Reply To: Subcarrier allocation in NOMA

#14899
Bashar Tahir
Participant

Hi,

In general, the order in which you enter the UEs determine which subcarrieres they are allocated. For example, consider the following allocation:
scStr.schedule.fixedScheduleDL{1} = ['UE1:12,UE2:60'];
This means that UE1 is allocated the first 12 subcarriers of the BS resources; UE2, on the other hand, is allocated the next 60 subcarriers.

If you now switch this to:
scStr.schedule.fixedScheduleDL{1} = ['UE2:60,UE1:12'];
then this only swaps the positions of the UEs on the resources grid. Meaning that, UE2 occupies the “first” 60 subcarriers, while UE1 occupies the “next” 12 subcarriers.

Now, with NOMA, you define which user is superimposed on which other user. As explained in the user manual, we use the notion of “UEA:UEB”. This means that UEA is superimposed on UEB. So, UEA would be the cell-edge user that is allocated high transmission power. When you enter ‘UE5:UE3,UE6:UE4’, it means that UE5 is superimposed on UE3, while UE6 is superimposed on UE4. If you swap the order to ‘UE6:UE4,UE5:UE3’, then this would result in the same pairing.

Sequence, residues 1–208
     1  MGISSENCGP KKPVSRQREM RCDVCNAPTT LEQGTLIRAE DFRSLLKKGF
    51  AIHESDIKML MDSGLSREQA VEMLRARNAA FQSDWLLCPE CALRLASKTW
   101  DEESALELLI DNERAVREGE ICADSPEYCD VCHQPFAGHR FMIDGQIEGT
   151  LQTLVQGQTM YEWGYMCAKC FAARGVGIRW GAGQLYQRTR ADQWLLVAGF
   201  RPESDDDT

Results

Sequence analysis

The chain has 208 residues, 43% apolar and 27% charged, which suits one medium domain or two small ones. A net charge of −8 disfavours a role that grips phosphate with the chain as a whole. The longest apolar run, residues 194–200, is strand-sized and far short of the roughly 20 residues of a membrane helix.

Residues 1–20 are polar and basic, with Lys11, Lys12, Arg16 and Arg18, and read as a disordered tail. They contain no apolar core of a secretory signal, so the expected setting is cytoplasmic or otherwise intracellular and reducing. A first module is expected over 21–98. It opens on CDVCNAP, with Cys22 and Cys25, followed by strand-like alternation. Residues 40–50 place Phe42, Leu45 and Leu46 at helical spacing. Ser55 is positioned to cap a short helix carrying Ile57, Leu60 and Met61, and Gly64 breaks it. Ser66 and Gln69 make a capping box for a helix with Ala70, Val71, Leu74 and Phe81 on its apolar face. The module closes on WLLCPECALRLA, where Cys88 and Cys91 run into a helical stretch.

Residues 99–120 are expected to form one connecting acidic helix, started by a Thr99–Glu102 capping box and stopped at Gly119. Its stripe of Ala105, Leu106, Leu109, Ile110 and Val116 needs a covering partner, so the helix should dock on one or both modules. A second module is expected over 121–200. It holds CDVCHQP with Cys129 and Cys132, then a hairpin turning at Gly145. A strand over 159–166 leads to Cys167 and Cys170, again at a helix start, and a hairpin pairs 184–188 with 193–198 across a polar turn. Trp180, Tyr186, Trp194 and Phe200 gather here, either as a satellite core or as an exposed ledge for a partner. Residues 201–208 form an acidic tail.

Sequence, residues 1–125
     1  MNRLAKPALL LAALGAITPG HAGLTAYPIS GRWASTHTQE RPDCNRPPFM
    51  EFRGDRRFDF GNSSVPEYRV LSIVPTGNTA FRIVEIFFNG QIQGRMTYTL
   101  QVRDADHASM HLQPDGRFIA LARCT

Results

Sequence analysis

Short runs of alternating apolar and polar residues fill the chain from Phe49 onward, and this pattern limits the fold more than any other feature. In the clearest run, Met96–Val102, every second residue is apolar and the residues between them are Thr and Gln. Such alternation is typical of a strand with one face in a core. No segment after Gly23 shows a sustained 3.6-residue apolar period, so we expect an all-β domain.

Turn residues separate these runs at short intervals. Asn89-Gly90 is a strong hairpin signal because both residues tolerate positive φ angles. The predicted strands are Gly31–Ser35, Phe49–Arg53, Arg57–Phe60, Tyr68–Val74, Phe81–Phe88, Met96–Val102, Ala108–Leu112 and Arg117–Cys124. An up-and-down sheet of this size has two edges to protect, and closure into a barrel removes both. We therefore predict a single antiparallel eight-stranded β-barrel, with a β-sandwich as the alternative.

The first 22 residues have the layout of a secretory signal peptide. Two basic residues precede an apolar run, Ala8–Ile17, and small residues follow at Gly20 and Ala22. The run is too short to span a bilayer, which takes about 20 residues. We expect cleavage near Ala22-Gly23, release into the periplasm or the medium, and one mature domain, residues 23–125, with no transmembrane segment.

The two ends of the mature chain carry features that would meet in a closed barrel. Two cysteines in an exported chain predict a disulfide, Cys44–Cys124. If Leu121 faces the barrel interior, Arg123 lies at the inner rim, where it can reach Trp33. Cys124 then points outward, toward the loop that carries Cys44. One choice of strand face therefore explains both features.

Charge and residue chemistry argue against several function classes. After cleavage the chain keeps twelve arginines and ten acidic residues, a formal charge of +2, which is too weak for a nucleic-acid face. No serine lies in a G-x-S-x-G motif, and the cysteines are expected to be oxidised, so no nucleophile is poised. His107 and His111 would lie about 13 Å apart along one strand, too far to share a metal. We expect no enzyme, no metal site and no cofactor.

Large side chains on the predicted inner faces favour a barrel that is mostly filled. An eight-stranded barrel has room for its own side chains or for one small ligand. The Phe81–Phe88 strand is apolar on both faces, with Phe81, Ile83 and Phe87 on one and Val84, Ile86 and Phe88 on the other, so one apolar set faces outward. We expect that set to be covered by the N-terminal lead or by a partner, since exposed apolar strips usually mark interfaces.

If you change it to ‘UE5:UE4,UE6:UE3’, then now UE5 is superimposed on UE4, while UE6 is superimposed on UE3.

Doing something like ‘UE3:36,UE4:36,UE4:UE5,UE3:UE6’ will result in an error, because you already allocated resources to UE3 and UE4, and therefore they are the primary users. It would work, if you make the UE5 and UE6 the primary users (by allocating resources to them first), i.e., ‘UE5:36,UE6:36,UE4:UE5,UE3:UE6’. In this case, UE5 and UE6 would represent the primary (cell-center) users, while UE3 and UE4 would represent the cell-edge.

Best,
Bashar